John Ainley: Playing the inner game successfully
A client I work with who runs a business unit within a large organisation, recently told me how she feels when she presents to a very large group, or to very senior individuals. Normally, in day-to-day dealings with colleagues she feels confident in her abilities, but in group presentations and certain one-to-one situations, that confidence deserts her and she feels she delivers less well.
What’s going on? It’s an issue that I see frequently as a coach – a capable, respected individual feeling insecure in certain situations. To understand the problem, it helps to recognise that there are two ‘games’ going on; an outer game that the outside world experiences from us and an inner game that is entirely within us and influences how we behave and are experienced by others.
In his book ‘The Inner Game of Tennis’, Tim Gallwey, talks about an outer game which is the one where you deal with ‘outside opponents’ – the physical reaction with the player across the other side of the net if you like – and then there is the inner game. According to Gallwey the inner game is “that which takes place in our mind, and is played against such elusive opponents as nervousness, self-doubt and lapses of concentration. It is a game played by your mind against its own bad habits.”
Both aspects have a direct impact on how we perform as leaders but it seems clear to me that while most executives have built the skills needed to deliver their outer game, it’s the inner game which causes our greatest challenges and is certainly the case for my client I mentioned at the outset. It can have a debilitating impact on performance and yet the answer is within each of us.
So, how can she, and others who feel similarly, manage their inner game more effectively? As Gallwey says, it’s about “replacing one pattern of mental behaviour with a new, more positive one.”
A positive attitude
Playing the inner game successfully is more about shifting your sense – or perception – of yourself and others; letting go of your inhibitions, thinking about how you feel when you are at your best and transferring that feeling into those situations where you find difficulty. We all need to adopt a positive approach to include attributes such as focus, openness, acceptance, learning and fun.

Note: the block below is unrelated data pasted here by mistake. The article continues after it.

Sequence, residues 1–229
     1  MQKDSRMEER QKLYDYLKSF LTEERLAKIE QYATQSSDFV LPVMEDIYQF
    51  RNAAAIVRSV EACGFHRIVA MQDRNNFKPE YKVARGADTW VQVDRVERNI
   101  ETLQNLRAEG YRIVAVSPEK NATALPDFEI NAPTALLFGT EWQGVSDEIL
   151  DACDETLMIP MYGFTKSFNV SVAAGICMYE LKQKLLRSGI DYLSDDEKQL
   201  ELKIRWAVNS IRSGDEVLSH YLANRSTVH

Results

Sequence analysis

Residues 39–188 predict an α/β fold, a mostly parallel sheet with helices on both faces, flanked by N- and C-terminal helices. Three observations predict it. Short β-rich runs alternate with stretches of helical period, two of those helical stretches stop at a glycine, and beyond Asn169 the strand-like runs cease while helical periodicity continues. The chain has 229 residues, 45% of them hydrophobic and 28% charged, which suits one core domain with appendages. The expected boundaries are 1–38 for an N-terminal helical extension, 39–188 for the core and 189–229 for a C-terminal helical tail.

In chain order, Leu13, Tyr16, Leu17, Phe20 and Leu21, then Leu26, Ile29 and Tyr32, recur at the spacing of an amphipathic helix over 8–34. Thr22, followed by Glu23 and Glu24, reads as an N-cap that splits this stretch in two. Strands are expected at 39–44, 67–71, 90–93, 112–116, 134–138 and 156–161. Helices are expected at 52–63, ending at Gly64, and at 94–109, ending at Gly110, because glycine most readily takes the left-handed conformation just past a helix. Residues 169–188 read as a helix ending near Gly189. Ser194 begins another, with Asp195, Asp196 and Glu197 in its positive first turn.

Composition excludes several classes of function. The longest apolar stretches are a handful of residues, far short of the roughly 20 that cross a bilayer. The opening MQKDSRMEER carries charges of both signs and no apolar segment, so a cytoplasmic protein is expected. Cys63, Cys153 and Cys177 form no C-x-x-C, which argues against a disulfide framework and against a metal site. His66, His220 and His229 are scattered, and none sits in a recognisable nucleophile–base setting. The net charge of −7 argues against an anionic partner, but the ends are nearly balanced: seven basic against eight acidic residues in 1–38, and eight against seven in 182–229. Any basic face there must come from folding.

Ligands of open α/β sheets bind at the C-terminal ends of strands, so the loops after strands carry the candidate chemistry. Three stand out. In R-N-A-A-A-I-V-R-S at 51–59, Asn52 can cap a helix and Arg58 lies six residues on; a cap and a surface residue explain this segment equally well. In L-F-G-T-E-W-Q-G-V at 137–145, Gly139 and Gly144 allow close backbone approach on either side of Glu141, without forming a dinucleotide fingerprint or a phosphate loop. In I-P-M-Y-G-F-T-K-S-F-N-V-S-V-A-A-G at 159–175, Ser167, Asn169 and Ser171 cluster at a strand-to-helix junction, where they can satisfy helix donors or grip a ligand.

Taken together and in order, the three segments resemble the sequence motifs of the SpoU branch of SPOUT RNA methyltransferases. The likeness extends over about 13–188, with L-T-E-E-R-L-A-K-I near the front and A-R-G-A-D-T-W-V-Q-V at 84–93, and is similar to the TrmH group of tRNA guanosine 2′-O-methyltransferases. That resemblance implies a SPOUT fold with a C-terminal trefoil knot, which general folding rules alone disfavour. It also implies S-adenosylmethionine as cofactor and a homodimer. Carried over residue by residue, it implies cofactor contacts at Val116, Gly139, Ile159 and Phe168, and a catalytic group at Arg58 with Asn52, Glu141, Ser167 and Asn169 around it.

Let’s take ‘focus’ as an example: when we are focused, we are present and fully in the moment which, in turn, allows us to shut out all the other noise going on in our heads.
Another key is learning, which is a natural state for all of us but one that can become blunted by judgements and criticism. Self-judgement is an area that interferes with performance says Gallwey. “What we need to eliminate is not the mistakes themselves, but our fear of making them and the consequent judgments, criticisms, and anger. [By] accepting errors, we make less of them.”
Inner game issues occur across the spectrum of leadership and at all levels of seniority. I would be suspicious of a leader that does not have some self- doubt and negative self-talk, we need this to help us improve, but it can be an issue that causes us to not achieve our full potential and It can be an issue at any time and for any individual, from CEO downwards.
The key is to understand that, by knowing what drives the inner game in our minds, we can begin to address those feelings of inadequacy or concerns about competence in certain situations. The inner game is not to do with actual competence but rather self-perceived competence; it’s important to emphasise that they are not the same thing.
Sincerity and determination
Perhaps I should leave the last word to Gallwey himself: “…the player’s most valuable assets will be his sincerity and determination. My own experience is that the true goal of the Inner Game is to be found within. Nothing outside of ourselves is ever permanent enough or sufficient to satisfy completely, but there is something within every human being that is not mentioned in psychology books.”